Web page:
Drexel Community Learns Mental Health Awareness and Response
June 22, 2021
By Lisa Ryan
A mental health first aid course from the City of Philadelphia’s Department of Behavioral Health and Intellectual disAbility Services (DBHIDS) is now available virtually. College of Medicine faculty and staff are encouraged to register for the class, which DBHIDS’s Healthy Minds Philly program brought to Queen Lane for graduate faculty members in 2019.
The eight-hour class, now split into two virtual sessions of four hours in length, teaches attendees how to understand and address signs of mental and behavioral health challenges or crises.
“In a first aid or CPR course, you’re learning how to stabilize someone in the moment of the emergency until an ambulance arrives or you can get them to a hospital, whichever they need,” said Michael Bouchard, PhD, a professor and director of the Division of Biomedical Science Programs in the Graduate School of Biomedical Sciences and Professional Studies. “The point of this training is exactly the same.”
Bouchard worked with Ipatia Daigle, academic administrator for the Division of Biomedical Science Programs, to organize enrollment of educators from across the Graduate School in mental health training. Bouchard and Daigle were motivated in this work after reflecting on the needs of post-secondary students on a national level.
“There were reports coming out over at least two or three years of a noticeable increase in suicide rates among graduate students and undergraduates,” Bouchard said. “We could see that it needed to be addressed on multiple levels, and that average faculty aren’t trained to deal with that. We’re probably more trained, in our own ways, to deal with physical first-aid crises. Helping with mental health is a totally different kind of skill.”
As Bouchard and Daigle brainstormed ways to build that skill in graduate faculty, a colleague mentioned the mental health training from Healthy Minds Philly, which offers lessons tailored to higher education community members to help them best meet students’ needs. In the end, enough faculty members signed up that Healthy Minds Philly mental health training facilitators came to Queen Lane for the session, instead of faculty going to them.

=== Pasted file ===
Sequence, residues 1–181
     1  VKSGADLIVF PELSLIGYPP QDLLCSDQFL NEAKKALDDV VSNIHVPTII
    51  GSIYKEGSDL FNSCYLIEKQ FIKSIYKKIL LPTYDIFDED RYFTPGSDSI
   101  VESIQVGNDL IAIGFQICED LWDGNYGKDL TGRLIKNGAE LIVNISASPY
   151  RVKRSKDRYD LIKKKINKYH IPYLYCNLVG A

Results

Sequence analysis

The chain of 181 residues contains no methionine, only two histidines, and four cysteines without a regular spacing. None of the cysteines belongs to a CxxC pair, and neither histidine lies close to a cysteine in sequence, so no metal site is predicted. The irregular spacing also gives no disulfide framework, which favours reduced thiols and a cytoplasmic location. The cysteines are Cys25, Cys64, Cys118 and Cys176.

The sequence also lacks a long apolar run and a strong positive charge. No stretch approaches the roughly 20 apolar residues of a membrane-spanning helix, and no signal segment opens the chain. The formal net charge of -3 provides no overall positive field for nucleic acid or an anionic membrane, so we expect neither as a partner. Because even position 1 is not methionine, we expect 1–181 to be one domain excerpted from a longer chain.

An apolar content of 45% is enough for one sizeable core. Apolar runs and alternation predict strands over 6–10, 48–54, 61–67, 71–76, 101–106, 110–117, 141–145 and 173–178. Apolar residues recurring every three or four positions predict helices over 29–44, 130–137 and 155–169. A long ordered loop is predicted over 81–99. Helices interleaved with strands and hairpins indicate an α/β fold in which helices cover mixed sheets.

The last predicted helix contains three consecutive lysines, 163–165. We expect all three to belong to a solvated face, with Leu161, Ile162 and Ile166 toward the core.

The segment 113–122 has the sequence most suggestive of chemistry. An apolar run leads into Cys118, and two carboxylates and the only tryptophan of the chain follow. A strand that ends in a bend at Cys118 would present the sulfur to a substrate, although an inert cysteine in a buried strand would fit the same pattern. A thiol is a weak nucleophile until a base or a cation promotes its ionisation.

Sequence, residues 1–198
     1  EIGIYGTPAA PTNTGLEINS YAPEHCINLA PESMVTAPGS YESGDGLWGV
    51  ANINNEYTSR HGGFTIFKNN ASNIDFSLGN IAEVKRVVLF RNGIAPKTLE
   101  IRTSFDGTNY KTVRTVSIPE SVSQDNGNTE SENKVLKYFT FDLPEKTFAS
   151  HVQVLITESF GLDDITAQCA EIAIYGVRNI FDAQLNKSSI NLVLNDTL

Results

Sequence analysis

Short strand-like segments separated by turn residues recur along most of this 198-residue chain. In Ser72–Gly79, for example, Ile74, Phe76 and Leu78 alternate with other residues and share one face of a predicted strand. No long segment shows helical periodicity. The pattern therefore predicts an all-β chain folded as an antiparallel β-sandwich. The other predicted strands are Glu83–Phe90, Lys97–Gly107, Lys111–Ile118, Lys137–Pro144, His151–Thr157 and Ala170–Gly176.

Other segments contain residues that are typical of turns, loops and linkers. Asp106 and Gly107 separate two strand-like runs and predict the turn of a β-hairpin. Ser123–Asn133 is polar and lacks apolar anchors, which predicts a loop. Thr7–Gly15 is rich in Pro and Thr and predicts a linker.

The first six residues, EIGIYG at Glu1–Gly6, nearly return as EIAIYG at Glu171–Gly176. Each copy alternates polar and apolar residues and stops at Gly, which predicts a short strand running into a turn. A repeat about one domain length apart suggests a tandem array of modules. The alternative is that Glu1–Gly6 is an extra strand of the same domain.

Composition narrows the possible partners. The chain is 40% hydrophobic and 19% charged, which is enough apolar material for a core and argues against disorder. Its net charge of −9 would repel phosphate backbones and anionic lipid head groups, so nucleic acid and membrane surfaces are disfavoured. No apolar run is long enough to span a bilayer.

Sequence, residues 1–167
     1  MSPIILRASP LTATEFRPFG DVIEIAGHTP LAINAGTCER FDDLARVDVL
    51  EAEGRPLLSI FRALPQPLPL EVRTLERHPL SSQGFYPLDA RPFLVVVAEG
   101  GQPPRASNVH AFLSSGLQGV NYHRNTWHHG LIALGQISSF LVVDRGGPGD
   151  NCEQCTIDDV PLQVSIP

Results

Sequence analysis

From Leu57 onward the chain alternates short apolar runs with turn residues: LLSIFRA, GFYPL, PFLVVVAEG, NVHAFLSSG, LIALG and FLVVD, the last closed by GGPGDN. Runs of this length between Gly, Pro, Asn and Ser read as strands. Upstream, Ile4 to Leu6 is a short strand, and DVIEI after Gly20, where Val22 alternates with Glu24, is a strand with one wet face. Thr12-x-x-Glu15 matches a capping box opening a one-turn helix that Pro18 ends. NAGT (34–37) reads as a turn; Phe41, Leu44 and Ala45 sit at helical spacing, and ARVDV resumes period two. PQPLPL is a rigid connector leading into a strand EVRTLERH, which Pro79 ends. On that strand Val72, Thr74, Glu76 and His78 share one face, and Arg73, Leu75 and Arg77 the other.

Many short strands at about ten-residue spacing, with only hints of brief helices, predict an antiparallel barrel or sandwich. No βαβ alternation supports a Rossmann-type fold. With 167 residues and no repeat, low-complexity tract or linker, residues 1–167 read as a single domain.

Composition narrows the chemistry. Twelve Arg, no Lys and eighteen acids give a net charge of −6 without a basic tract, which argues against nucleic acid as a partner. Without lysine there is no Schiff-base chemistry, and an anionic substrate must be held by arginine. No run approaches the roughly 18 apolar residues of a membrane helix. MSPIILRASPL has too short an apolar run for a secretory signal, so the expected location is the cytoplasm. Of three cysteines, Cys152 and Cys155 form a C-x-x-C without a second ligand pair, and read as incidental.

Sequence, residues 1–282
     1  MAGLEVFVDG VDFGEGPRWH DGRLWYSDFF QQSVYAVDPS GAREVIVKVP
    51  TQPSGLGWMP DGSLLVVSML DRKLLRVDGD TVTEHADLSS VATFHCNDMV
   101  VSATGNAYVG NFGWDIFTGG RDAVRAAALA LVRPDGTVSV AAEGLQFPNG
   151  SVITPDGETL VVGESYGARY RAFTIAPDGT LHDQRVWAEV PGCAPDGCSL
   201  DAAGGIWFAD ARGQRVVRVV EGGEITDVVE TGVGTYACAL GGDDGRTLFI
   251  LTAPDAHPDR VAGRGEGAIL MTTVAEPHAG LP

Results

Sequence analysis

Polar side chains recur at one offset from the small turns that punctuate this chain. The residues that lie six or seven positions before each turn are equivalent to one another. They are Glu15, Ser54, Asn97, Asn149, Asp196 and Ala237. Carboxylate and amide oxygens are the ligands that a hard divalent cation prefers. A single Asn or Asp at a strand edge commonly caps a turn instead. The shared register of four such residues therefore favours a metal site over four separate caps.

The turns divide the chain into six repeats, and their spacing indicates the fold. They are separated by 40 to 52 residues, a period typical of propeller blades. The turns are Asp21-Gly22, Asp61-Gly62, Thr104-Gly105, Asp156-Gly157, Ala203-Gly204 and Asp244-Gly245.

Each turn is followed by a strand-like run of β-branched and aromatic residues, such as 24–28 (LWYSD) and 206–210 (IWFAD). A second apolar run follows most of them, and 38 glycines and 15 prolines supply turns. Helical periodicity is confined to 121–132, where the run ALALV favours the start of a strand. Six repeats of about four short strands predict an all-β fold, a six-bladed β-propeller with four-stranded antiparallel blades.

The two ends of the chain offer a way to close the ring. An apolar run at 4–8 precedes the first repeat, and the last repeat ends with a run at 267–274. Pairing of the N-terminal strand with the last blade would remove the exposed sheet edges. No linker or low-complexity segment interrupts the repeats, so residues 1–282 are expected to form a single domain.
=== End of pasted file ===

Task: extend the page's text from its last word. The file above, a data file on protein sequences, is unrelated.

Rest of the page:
“The faculty were very enthusiastic about this,” Bouchard said. “I think we had a pretty good turnout for the first training.”
The eight-hour course combined lectures on mental health and active learning exercises – the latter helped attendees from across all three graduate school divisions to brainstorm how they would help students in various scenarios. They also went over which resources to direct students toward, and when, according to Bouchard.
“I think it was a really useful educational experience, if only to give the faculty information on what to do in the moment,” he said. “I thought personally it was very well done and very informative.”
Faculty members left the training session with information on various mental and behavioral health diagnoses and symptoms, and with an understanding of how to be a safe, supportive person for students to go to if they need help. Bouchard and Daigle have worked to make information on mental health accessible to faculty as part of their continuing education, and they think the Healthy Minds Philly training was a good starting point.
“It made us all more aware of not just talking about it, but actually making sure that we have resources and students know exactly where those are,” Bouchard said. “I think the training stimulated us to start thinking about additional training, additional resources for faculty, staff, and even students.”
Faculty, staff or students who complete the training are certified in mental health awareness and crisis response for three years, at which time they can take the training again. Bouchard keeps his certificate displayed in his office, in a place where students will see it.
“My hope is that students would see that and it would help reduce the stigma around mental health and make students aware that they could go and talk with the faculty in an emergency or other mental health situation,” he said. “We want to let the students know that we know they’re under a lot of stress, and we want to be able to provide a supportive environment without stigma.”
Faculty, staff members or students interested in Healthy Minds Philly’s mental health training can visit healthymindsphilly.org for more information.
Drexel's Employee Assistance Program is available to help employees in need of support through confidential, 24/7 counseling at 888.628.4824. This is offered at no cost to benefits-eligible faculty and professional staff, their family members, and Drexel graduate students. More information is available on the Human Resources website. Students can reach out for support via mental health services.